Etymology
Advertisement
spray (n.2)
"water blown by waves," 1620s, from spray (v.).
Related entries & more 
Advertisement
undulate (v.)
"to move in waves," 1660s, back-formation from undulation. Related: undulated, undulating.
Related entries & more 
fluctuant (adj.)
"moving like a wave," 1550s, from Latin fluctuantem (nominative fluctuans), present participle of fluctuare "to move in waves" (see fluctuation).
Related entries & more 
billow (v.)
"to rise or roll in large waves," 1590s, from billow (n.). Related: Billowed; billowing.
Related entries & more 
breakwater (n.)
"any structure serving to break the force of waves and protect a harbor or shore," 1721, from break (v.) + water (n.1).
Related entries & more 
Advertisement
kymatology (n.)
science of waves, 1906, from Greek kyma (genitive kymatos) "a wave" (from PIE root *keue- "to swell") + -ology. Related: Kymatological; kymatologist.
Related entries & more 
Samothrace 

Aegean island, from Samos + Thrace, representing the sources of two waves of settlers who came to the island in ancient times. Related: Samothracian.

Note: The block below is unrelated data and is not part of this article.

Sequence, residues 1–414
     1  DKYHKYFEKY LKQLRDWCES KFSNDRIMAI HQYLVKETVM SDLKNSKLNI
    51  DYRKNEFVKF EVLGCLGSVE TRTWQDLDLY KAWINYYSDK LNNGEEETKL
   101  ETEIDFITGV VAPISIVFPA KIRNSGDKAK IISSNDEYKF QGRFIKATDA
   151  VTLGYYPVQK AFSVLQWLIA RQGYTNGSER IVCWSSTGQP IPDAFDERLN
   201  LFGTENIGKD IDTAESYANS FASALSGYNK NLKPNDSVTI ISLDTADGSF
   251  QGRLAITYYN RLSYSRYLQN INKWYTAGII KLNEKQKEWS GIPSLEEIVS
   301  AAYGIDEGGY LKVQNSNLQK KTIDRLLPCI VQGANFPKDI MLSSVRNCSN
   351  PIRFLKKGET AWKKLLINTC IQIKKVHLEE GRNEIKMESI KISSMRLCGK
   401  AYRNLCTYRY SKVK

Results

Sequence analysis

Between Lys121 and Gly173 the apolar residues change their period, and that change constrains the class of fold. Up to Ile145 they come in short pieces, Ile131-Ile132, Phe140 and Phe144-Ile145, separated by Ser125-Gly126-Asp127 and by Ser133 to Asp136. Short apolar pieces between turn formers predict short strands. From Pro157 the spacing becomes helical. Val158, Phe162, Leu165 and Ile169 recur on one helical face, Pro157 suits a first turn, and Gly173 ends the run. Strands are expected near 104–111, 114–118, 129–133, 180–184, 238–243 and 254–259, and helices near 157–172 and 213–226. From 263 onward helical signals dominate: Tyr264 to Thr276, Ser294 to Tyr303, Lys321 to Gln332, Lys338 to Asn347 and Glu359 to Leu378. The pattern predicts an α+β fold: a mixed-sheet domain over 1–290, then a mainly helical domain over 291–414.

Related entries & more 
tsunami (n.)
1896, in reference to the one that struck Japan that year on June 15, from Japanese tsunami, from tsu "harbor" + nami "waves."
Related entries & more 
fluctuate (v.)
1630s, from Latin fluctuatus, past participle of fluctuare "to undulate, to move in waves," from fluctus "a wave, billow, surge, a flowing," from past participle of fluere "to flow" (see fluent). Related: Fluctuated; fluctuates; fluctuating.
Related entries & more 
interferometer (n.)
"instrument for measuring the interference of light waves," 1897, a hybrid from interfere + -meter. Compare interferential (1867), coined on the model of differential. Related: Interferometric; interferometry.
Related entries & more